I should be writing but I'm baking, booted still from recent ankle surgery. The boot prevents me from walking outside in the unseasonably warm December weather. It's sixty degrees on December 4th in Nebraska. To keep my spirits up, I tell myself how necessary this latest round of surgery was, and it means I'll be able to keep walking well into my dottage. Which sometimes feels like now.
But as long as I can remember how to turn on the oven, I like to do a little holiday baking....and reminiscing.
Here's a holiday baking 'rerun' blog post from November 29, 2009.
My mother didn’t like to bake so she taught me when I was very young. Soon I was adept at family favorites from both sides, including chocolate applesauce cake, date nut bars, tomato soup cake, best two egg cake….and inept at things like fudge and one concoction involving powdered sugar, cocoa, milk and Cocoa Krispies. I think it was supposed to be frosting.
In 7th grade I nearly flunked the sewing part of Home Ec (In middle school, my sons took BASE, which was…home ec with careers added. Sensible addition.). I did much better in the kitchen. I can still remember the day we learned the ‘water displacement’ method to accurately measure peanut butter. It’s slimy, but it works.
Well, writing became a much better (and lower calorie) outlet for my creativity. Then there was my husband’s diabetes diagnosis…and the fact the disease runs on both sides of my family. The oldest of Grandma Andrews’ four daughters was Dorothea, a nurse, who had a foot amputated due to complications from the disease. Also, while both my children enjoy an occasional cookie, and Erik is very partial to the chocolate chip oatmeal cookies (recipe listed below), neither seems to have inherited my raging sweet tooth. Finally, the whole working mom balancing act ultimately left no time for laboriously rolling out cookies and decorating with colored sugar, not when there were papers to grade and copyedits due.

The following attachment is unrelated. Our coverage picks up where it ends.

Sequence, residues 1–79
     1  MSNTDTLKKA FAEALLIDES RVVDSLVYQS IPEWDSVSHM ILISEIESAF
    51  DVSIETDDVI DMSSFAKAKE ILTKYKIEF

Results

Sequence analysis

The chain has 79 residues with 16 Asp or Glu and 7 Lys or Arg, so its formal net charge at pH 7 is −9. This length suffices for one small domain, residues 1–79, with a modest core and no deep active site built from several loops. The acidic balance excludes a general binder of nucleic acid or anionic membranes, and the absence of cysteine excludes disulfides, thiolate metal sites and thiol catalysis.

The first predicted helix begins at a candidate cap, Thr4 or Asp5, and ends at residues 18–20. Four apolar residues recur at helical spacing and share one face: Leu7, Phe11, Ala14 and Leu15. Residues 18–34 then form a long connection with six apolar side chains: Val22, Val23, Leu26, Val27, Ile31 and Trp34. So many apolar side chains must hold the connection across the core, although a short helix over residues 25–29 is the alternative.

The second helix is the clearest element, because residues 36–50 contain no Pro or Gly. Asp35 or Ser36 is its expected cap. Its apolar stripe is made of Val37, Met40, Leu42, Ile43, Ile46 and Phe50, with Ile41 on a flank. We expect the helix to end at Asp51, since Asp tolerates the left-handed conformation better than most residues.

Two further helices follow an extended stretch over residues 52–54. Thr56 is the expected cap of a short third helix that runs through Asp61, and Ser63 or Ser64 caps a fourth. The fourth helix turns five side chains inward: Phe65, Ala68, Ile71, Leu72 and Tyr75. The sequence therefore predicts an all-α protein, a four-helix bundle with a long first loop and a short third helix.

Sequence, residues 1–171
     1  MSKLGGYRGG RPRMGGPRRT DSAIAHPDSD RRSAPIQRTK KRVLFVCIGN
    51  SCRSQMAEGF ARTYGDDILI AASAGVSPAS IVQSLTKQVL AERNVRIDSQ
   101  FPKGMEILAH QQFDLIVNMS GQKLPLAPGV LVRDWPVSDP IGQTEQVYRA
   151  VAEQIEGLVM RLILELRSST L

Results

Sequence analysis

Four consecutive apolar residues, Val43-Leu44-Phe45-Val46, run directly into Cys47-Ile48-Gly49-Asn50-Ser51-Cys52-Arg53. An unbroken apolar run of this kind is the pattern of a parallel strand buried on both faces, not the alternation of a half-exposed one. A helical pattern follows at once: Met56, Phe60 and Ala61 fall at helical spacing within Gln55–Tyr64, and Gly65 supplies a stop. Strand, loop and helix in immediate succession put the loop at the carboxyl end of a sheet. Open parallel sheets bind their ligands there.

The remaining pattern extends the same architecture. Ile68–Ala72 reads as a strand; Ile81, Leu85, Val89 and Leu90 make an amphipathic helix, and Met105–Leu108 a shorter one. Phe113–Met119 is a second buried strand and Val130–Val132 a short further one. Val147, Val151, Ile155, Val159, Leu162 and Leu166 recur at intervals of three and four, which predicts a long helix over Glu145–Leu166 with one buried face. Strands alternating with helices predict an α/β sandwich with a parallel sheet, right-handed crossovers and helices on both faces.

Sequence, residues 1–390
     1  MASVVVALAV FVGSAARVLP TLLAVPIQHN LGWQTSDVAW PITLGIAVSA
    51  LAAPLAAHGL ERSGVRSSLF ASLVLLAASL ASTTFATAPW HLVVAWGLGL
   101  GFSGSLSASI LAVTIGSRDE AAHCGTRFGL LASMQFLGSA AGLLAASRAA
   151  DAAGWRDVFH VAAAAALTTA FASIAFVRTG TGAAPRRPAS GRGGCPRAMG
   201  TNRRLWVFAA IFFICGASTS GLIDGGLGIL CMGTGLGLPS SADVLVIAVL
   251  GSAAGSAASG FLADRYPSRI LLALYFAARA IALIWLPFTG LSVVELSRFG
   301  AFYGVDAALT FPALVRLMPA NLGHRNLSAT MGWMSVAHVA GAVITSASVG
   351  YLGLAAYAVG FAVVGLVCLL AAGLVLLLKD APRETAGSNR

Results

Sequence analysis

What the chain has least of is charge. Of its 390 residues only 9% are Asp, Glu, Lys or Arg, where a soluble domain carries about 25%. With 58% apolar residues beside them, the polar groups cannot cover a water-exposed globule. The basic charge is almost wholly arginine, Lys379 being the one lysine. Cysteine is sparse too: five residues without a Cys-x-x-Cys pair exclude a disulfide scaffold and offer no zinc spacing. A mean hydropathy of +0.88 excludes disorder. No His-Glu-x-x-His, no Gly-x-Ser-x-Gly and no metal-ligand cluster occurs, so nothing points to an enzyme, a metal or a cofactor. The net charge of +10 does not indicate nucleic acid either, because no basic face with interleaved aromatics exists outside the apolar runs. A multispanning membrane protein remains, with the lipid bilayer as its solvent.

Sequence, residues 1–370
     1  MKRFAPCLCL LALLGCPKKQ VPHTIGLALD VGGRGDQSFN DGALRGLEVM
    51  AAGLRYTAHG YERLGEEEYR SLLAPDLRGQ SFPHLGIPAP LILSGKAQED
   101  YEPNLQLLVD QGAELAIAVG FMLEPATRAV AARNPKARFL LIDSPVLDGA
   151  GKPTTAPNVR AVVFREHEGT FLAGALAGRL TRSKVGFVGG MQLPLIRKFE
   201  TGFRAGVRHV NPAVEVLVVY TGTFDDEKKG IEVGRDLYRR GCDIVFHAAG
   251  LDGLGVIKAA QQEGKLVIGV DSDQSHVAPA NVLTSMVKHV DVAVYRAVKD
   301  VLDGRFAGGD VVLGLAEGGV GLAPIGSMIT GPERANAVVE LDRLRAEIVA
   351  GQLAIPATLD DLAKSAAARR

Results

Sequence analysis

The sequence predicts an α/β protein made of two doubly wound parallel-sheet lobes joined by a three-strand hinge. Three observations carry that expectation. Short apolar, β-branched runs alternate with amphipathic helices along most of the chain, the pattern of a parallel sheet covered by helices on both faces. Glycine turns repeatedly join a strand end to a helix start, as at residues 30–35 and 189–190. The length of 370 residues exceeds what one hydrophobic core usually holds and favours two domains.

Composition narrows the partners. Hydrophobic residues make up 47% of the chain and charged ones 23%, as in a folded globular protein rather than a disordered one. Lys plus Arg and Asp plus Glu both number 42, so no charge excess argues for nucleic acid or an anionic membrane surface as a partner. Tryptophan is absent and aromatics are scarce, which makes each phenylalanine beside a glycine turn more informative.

Now there are no more papers to grade, not for me. After 15 years at a large university, my husband and I were ready for a lifestyle change. This will be our second holiday season here on the prairie, in the town my husband wanted to live in for nearly 20 years. Long before we had children, we’d drive ‘home’ for the holidays from Flagstaff, Arizona to our folks in Iowa. This Nebraska town on Interstate 80 enchanted him, though at the time I thought he was nuts. And not the kind that go in cookies. Instead we went east. But when a job opened at this university of 6,500 students in his ‘dream town’ at the exact time we were ready for a move, it seemed like fate and faith were aligned.
It’s been a challenging yet wonderful change. Soon I will be realizing my life-long goal of staying home to write fulltime. It’s scary, exhilarating and, apparently, baking inducing.
Maybe next year I will pull out Grandma Rock’s cookie cutters.
What’s your favorite holiday cookie recipe?
Basic Cake Box Cookie/Bar recipe
- 1 box any flavor cake mix (Pillsbury Classic Yellow particularly good)
- 1/3 cup oil
- 2 Tablespoons water
- 1 egg
Pre-heat oven to 350 degrees. Mix all ingredients. Add one 12 oz. package chocolate chips or any flavor. Spread in a greased 9 x 13 glass pan. Bake at 350 for ten – twelve minutes til golden brown. Let cool and cut into bars.
You can also use this dough to make cookies. Bake the cookies at 375 degrees.
Bake at 375 7-8 minutes or until golden.
Frost or sprinkle with colored sugar.
You can also use a chocolate cake mix, but it’s drier so use ½ cup oil. Or just make brownies!
Lemon is also a good flavor. Just form into balls and let flatten as they bake. Make a thin glaze out of lemon juice, powdered sugar and a little milk or water.
Or bake in a greased 9 x 13 pan again til done and frost with canned lemon frosting.
Iowa State Fair Cookbook Chocolate Chip Oatmeal Cookies
- 1 cup packed brown sugar
- 1 cup white sugar
- 1 cup shortening or margarine (I use margarine sticks)
- 2 eggs
- 1 teaspoon vanilla
- 2 cups all-purpose flour
- 1 teaspoon baking powder
- 1 teaspoon baking soda
- ½ teaspoon salt
- 2 cups rolled oats
- 1 12 oz. Package semisweet chocolate chips
The dough works better after it’s been chilled a bit in the refrigerator. And the best thing about these cookies is you can freeze them as drop cookies or roll up as logs in wax paper. Either way you can bake right from the freezer when you want some.